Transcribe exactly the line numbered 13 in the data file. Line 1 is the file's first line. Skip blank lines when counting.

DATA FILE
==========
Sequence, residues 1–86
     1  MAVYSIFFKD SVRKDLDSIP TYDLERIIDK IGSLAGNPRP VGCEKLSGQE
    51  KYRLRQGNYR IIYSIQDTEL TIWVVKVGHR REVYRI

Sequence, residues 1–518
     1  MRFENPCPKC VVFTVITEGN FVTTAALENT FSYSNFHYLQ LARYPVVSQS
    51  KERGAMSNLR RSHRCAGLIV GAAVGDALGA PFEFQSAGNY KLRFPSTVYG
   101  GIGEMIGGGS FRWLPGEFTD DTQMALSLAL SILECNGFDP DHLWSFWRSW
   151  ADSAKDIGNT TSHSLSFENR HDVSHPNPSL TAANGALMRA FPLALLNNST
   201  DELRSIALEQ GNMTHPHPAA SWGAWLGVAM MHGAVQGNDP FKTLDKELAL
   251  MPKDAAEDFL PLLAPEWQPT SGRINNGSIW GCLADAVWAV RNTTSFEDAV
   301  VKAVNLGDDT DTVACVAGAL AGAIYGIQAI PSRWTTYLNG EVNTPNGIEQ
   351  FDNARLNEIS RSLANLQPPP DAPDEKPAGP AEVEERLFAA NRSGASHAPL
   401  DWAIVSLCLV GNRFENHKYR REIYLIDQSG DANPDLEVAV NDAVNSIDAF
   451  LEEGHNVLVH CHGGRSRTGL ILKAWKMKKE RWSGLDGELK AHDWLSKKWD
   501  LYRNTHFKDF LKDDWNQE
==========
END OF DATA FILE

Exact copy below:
   401  DWAIVSLCLV GNRFENHKYR REIYLIDQSG DANPDLEVAV NDAVNSIDAF